xoxo_coverArtist: Soft Lions
Title: XOXO
Release Date: October 28th, 2016
Record Label: Velvet Blue Music

Soft Lions return with their latest album, XOXO, a record that embodies the quarter-life crises of the modern world.

XOXO is a relatable collection of songs, stylized around the workings of relationships in several contexts, shifting exposition from the intimacy of lovers to external social commentary on female objectification. Singer Megan Liscomb’s lyrics make the leap from microcosms of personal narratives to broader social implications, but not at the cost of relatability. If there’s one thing this band has a knack for, it’s the juxtaposition of their lush sonic landscapes and a scathing, descriptive lyricism. Much like “Waitress” from their Spellbreaker EP, we see a resurgence of themes connected to the unfulfilled expectations of youth bleeding into the apathy of adulthood.

A highlight from the release,“Digital Girls” illustrates the desensitizing effect of real-life interactions warped by our perception of personal online branding. The person an individual presents themselves as is hardly ever the full picture, and XOXO capitalizes on that duality of identity in a modern world. There’s an intimacy to the veil of self-doubt that percolates just beneath the hard-shelled reluctance to admit vulnerability, but it’s there and XOXO is richer for it.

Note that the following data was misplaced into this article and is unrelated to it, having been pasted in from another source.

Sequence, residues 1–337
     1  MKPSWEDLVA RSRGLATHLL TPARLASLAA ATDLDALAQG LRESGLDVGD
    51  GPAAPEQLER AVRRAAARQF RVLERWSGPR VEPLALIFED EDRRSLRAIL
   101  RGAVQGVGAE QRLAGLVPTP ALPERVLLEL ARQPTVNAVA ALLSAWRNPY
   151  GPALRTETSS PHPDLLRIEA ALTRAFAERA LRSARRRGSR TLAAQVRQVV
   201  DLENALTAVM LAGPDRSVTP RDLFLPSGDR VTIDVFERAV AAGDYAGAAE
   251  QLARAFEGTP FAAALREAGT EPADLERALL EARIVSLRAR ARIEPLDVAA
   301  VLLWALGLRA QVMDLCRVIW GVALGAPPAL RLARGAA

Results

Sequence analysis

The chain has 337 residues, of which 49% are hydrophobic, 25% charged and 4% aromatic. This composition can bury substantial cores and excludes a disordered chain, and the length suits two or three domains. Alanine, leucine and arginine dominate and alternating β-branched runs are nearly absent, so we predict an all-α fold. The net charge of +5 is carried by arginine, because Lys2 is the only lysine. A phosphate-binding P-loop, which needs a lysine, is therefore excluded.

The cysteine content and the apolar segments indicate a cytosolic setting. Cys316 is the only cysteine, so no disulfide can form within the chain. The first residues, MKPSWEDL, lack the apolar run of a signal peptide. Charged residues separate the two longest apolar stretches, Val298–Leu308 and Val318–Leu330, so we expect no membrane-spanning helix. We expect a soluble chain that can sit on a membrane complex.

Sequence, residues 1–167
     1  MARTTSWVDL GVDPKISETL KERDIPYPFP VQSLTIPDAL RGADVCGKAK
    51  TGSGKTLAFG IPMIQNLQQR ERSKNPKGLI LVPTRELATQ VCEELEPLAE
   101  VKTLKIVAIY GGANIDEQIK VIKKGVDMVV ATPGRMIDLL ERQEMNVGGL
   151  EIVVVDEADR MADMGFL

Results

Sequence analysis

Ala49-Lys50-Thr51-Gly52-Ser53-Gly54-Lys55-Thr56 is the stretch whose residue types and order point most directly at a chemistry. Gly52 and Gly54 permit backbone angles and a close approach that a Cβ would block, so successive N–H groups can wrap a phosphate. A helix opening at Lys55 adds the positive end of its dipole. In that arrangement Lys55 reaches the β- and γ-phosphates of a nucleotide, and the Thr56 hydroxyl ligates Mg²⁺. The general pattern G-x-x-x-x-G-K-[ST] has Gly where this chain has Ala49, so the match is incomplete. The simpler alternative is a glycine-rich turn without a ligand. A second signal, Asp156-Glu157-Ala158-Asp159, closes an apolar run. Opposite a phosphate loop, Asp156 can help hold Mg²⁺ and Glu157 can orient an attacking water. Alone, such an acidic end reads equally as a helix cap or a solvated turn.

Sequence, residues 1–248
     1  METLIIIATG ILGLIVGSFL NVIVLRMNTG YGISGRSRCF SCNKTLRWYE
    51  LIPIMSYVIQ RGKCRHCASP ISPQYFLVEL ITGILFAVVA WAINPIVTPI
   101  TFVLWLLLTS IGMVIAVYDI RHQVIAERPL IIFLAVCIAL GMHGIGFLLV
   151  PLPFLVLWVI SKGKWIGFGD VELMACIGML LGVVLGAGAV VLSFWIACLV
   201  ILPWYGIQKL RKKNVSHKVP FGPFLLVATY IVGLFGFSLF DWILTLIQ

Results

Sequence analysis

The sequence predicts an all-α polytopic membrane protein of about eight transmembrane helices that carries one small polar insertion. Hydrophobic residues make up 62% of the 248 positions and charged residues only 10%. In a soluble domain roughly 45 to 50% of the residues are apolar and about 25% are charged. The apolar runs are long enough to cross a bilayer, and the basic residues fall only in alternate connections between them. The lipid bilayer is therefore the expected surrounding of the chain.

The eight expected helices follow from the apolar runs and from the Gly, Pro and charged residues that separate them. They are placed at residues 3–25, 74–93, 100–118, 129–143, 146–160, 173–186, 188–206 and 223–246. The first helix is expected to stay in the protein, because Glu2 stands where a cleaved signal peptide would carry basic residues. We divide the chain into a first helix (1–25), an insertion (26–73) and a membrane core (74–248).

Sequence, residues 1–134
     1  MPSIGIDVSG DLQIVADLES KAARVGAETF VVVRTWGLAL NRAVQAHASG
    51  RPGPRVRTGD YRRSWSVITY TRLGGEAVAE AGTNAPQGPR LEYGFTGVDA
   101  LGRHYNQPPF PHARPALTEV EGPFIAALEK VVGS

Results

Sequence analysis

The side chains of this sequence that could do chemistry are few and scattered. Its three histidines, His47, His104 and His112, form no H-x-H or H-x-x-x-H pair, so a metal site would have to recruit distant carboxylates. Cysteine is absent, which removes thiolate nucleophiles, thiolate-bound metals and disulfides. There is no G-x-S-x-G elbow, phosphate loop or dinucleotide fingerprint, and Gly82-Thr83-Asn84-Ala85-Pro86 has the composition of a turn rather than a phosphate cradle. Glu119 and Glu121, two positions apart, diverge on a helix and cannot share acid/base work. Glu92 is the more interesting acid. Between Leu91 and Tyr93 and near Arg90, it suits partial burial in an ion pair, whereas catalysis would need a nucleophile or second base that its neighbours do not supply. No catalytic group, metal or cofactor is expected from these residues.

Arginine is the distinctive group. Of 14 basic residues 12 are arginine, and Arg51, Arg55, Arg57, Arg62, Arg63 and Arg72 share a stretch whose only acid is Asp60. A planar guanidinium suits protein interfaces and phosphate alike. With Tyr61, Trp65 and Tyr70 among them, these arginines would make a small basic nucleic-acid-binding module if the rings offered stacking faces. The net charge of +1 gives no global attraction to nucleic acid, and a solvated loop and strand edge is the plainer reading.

“Run in Dreams” ties XOXO together through the use of nuanced imagery and effective pop sensibilities. The combination of ethereal musicianship coupled with an underlying hopefulness make the track the centerpiece of the release. One of Soft Lions’ most effective strengths has always been their ability to balance a temptation for nihilism with the undercurrent of desire for a greater existential purpose, all within differing types of personal interaction.

Soft Lions have continued to grow and refine their brand of surrealistic noise-pop, augmenting their dreamy, garage rock aesthetic with the sincerity of heartache and depression, hoping for something more.

Review By: Brian Strauss (Foxx Press)